Many operations in Maya will run faster if Maya doesn’t have to refresh the viewport while running them. For example, if you switch the viewport to only show the Graph Editor before baking animation, or caching particles or Alembic geometry, the operation will happen much faster than if Maya had to actually display the geometry for each frame that it’s being baked. There is probably a way via the API to tell Maya’s viewport not to refresh, but since I don’t know shit about the API, here’s a workaround using a few of Maya’s less-documented MEL commands and some Python.

I wrote this method assuming that artists would want to cache out information frequently without it disrupting their workflow. That means that I needed to first store the user’s current panel layout, then switch it to something that doesn’t require a refresh on every frame (like the Graph Editor), and then restore the previously restored layout.

I prefer coding in Python, but some of the procedures I’m running are MEL functions that are found in scripts/startup and so they’re not documented and they don’t have Python equivalents. A hybrid approach is the best way to handle it, since MEL is terrible.

Click for some Python code… Continue reading »

Feb 012013

Just wanted to document a dumb little problem I was having. My compositors need cameras in .FBX format, and I had a camera that had a Look At object (an aim vector) which wasn’t being considered in the export. I tried parenting a duplicate of the first camera to the original and exporting that, but of course I just ended up with a still camera.

The solution is to use CHOPs. Make a CHOP network, then drop down an Object CHOP. Select the object you want to bake as the Target Object. Then you can create a duplicate of your original object, and use this expression to drive any of the channels you need to bake:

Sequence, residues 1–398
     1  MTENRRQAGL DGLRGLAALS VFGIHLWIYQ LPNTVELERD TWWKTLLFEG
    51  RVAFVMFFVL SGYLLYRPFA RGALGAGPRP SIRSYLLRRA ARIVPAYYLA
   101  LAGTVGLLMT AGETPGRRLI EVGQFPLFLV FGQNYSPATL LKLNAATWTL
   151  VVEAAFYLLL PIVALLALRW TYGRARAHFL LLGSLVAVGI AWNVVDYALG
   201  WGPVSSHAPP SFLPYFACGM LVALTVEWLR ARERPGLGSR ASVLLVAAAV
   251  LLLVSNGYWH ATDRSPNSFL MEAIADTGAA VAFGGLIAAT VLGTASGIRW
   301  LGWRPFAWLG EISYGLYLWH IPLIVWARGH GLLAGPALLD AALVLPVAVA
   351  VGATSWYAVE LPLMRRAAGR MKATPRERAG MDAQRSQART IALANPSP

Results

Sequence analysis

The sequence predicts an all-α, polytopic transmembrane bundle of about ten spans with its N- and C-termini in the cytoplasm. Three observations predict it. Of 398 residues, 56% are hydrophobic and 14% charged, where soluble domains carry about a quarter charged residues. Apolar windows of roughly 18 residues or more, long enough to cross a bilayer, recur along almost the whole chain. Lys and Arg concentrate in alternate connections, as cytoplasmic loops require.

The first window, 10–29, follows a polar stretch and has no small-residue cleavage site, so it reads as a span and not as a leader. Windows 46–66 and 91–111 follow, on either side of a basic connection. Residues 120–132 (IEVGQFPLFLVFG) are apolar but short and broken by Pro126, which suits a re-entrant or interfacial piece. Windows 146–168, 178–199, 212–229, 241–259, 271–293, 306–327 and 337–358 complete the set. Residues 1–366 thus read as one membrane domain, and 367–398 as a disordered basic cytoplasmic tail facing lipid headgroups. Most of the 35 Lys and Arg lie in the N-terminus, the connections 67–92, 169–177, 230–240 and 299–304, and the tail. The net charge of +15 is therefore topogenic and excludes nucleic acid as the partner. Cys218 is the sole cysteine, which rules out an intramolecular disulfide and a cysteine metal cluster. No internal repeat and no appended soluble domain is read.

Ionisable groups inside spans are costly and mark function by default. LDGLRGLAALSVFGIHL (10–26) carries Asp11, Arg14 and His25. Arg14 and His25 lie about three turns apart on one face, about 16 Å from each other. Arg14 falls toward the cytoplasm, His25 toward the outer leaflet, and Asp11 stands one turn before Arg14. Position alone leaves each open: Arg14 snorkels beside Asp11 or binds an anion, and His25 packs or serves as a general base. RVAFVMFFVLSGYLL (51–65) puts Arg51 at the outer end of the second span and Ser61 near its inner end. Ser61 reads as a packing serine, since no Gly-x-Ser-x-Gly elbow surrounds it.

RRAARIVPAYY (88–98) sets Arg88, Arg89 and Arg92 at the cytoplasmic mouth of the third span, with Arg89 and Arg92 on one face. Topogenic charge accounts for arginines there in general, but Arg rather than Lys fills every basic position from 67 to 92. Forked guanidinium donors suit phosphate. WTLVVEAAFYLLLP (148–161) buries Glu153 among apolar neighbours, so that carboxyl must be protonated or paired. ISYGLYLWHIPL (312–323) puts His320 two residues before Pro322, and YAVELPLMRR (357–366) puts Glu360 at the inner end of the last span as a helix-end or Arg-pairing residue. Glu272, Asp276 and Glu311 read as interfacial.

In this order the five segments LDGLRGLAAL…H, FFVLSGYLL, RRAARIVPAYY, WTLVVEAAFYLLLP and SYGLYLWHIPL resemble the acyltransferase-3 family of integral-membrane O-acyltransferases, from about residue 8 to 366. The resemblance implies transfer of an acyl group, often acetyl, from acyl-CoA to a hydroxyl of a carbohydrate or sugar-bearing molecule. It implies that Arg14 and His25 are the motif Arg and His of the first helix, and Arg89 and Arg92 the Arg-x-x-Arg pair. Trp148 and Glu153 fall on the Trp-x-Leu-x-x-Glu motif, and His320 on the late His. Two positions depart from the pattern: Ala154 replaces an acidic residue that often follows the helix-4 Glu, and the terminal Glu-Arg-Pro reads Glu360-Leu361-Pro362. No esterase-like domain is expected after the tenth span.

Or you can use an Export CHOP, point it to the duplicate object, and make sure the Path field includes the full list of channels you want to export (such as t[xyz] and r[xyz]).


Jan 292013

I’ve been very, very busy, which is a lame excuse for the lack of posting new things, but there you have it.

Much of my work time recently has been dedicated to building inky, nebula-like effects in Houdini. Generally speaking, when you’re trying to make that whole ink-in-water effect, you dust off your copy of 3DS Max, do a quick fluid simulation, advect a bunch of particles through it, and then cache out a bazillion partitions of your simulation with different random seeds, then render in Krakatoa. Well, I have none of those things, and I needed greater control over the simulation than what can typically be achieved in Fume/Krakatoa, so I tried to do it in Houdini. I definitely have a lot of respect for the Krakatoa renderer after a week spent on this effect. This stuff is hard! Hit the jump to see exactly how I went about this…